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Meet Dr. Audrey Hudson

Our new Richard & Elizabeth Currie Chief, Education & Programming shares a few of her favourite artworks from the AGO Collection.

Audrey Hudson

Audrey Hudson, image courtesy of AGO.

The AGO recently appointed Dr. Audrey Hudson as the new Richard and Elizabeth Currie Chief, Education and Programming. Hudson was promoted from her position as Associate Curator, Early Childhood & School Programs. Since 2017, Hudson has led AGO strategies on school programs, delivered innovative early childhood programs and developed and increased partnerships with Taking ITGlobal, the Toronto Catholic District School Board (TCDSB) and the Urban Indigenous Education Centre/Toronto District School Board.

The AGOinsider invited Hudson to share a bit of her story through three of her favourite works in the AGO Collection.

La Seine à Chatou, Pierre-Auguste Renoir

Hudson: La Seine à Chatou, by Renoir, is nostalgic for me. I studied visual art at secondary and undergraduate levels. When I saw it at the AGO, it took me back to my first visit to Paris, France at age 16, where I visited the Mona Lisa at the Louvre and picniced by the Seine river. Much of the curriculum was and still is based in European art. When we studied Impressionism, Le Seine à Chatou by Renoir was always included. I admire the intensity and determination of Impressionist painters, considering the exquisite capture of light, close layers of colour and tonal values to enliven landscapes. This piece not only transports me back to my studies but also takes me to an art-filled energetic Paris in the 19th century where I imagine Renoir and Monet painting together near the Seine by sunset, with red wine and baguettes by their sides.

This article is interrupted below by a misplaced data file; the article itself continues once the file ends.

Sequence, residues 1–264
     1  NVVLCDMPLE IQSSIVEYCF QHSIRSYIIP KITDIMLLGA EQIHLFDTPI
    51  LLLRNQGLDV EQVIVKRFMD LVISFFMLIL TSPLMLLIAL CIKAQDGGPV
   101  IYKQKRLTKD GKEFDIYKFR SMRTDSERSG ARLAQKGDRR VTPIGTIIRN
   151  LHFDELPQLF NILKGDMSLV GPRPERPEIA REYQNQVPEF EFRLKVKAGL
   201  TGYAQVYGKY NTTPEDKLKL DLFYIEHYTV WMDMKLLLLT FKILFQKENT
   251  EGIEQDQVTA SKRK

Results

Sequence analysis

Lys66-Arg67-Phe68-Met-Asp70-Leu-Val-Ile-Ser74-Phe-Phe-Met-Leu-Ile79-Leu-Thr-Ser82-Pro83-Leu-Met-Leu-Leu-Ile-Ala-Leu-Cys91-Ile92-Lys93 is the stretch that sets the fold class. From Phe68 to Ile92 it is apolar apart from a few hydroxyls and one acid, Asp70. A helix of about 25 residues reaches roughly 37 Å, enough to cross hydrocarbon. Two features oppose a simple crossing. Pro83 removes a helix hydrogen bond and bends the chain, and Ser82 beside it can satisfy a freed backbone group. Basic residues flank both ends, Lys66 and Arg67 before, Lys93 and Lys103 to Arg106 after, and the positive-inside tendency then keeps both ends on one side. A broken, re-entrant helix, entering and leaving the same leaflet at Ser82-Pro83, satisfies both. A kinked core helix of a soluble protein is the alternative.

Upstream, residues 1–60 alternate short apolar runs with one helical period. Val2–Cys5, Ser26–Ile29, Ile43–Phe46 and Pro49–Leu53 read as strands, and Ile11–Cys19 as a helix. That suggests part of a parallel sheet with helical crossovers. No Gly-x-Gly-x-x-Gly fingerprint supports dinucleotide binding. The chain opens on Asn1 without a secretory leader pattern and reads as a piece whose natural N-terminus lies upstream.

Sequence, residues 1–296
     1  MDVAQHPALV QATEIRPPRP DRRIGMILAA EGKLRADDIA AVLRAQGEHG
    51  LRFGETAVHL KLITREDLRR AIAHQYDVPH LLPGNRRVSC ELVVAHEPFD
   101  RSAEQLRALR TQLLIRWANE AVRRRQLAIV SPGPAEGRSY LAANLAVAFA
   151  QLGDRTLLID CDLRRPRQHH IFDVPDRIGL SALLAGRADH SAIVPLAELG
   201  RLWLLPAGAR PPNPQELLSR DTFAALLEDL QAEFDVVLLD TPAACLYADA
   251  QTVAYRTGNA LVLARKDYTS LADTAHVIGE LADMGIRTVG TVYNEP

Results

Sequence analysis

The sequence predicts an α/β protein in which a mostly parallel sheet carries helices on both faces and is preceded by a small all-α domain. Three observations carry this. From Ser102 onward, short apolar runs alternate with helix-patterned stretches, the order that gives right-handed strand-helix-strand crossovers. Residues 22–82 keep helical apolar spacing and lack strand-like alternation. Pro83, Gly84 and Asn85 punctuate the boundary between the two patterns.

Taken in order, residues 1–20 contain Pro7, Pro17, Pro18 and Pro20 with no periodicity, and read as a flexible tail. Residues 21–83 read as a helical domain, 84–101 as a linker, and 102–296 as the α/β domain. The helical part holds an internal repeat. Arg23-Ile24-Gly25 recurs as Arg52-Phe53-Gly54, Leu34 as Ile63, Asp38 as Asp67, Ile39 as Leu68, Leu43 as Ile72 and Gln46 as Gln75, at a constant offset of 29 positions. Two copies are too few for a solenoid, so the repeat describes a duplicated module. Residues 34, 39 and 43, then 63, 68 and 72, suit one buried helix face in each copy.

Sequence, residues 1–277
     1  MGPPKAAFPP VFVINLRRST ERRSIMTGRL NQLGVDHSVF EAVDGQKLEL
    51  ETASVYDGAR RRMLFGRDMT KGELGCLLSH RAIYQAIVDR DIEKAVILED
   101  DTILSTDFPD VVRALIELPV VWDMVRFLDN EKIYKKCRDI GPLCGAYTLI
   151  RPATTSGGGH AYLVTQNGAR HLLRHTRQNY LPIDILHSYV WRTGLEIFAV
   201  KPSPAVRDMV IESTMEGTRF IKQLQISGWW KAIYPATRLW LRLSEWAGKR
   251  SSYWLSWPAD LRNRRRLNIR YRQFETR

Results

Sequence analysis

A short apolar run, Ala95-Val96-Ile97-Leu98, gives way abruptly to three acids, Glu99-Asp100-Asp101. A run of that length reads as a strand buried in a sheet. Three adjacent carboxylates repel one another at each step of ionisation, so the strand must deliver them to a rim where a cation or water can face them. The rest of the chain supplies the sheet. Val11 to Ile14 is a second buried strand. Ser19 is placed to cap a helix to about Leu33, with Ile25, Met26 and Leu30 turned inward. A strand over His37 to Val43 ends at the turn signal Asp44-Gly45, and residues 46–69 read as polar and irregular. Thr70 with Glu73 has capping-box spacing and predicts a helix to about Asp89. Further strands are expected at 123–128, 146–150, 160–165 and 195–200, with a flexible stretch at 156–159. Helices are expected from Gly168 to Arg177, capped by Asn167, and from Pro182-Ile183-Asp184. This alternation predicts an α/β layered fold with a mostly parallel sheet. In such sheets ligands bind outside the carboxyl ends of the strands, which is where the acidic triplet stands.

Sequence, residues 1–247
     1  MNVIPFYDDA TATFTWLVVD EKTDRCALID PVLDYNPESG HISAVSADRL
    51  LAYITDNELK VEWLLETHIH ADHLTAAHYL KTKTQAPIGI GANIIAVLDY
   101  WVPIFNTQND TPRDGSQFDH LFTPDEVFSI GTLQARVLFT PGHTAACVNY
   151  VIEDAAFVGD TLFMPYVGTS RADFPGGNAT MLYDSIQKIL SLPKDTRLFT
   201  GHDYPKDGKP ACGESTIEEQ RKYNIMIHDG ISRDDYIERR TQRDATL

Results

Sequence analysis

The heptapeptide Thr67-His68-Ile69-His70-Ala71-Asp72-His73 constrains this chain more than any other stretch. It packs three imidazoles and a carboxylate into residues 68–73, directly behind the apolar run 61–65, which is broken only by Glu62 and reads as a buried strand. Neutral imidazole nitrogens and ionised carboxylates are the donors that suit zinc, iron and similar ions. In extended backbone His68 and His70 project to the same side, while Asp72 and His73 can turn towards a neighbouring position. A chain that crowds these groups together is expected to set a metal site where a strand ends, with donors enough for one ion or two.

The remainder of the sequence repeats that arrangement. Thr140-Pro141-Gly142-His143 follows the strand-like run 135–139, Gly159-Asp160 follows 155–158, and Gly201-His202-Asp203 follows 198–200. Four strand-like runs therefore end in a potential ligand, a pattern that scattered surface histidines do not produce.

La Seine à Chatou

PierreAuguste Renoir, La Seine à Chatou, c. 1871. Oil on canvas, Overall: 46.7 x 56.1 cm. Purchase, 1935. © Art Gallery of Ontario. 2304.

Attachment for a Costume, Owo Kingdom, Yoruba Peoples

Hudson: This past February (2019) I programmed a family event to celebrate Black Creatives during Black History Month. An element of my programming included working with emerging spoken word artists to respond to works of art in the AGO Collection. My intent was two-fold: First, I wanted to provide these young people an opportunity to visit the Gallery to deeply consider works of art; and second, I wanted them to accentuate their creativity and carve out a space to see themselves represented. When one of the young people chose to activate this piece in the Frum Collection of African Art, I was intrigued and amazed at how she converged works of antiquity and newness. It exceeded my expectations and made me so proud. This convergence culture is a testament to the agility and freedoms that empower young people to create and provided me with a nuanced gratitude for th Collection.

Owo Kingdom, Yoruba peoples, Attachment for a Costume

Owo Kingdom, Yoruba peoples, Attachment for a Costume, c. 1600-1700. Ivory with applied coating, Overall: 14 x 11 x 6 cm. Gift from the Frum Collection, 1999. © Art Gallery of Ontario. 99/454.

The Wisdom of the Universe, Christi Belcourt

Hudson: I could meet with this piece everyday and still see something different. The endless dots of wise colours, the accuracy of the living organisms, the detailing of life and the massiveness of this painting are admirable to think about our relation to the land and environment. The most joy I get is seeing school groups gather in front of this piece, hands raised high, in discussion with Art Educators about biology, ecosystems, Indigenous worldviews, flora, fauna and so much more. For me, it is most inspiring to witness this exchange of knowledge and sheer engagement with young people. 

Christi Belcourt, The Wisdom of the Universe

Christi Belcourt, The Wisdom of the Universe, 2014. Acrylic on canvas, 171 x 282 cm. Purchased with funds donated by Greg Latremoille, 2014. © Christi Belcourt 2014/6.

You can see all these works and more at the AGO Thursdays through Sundays.

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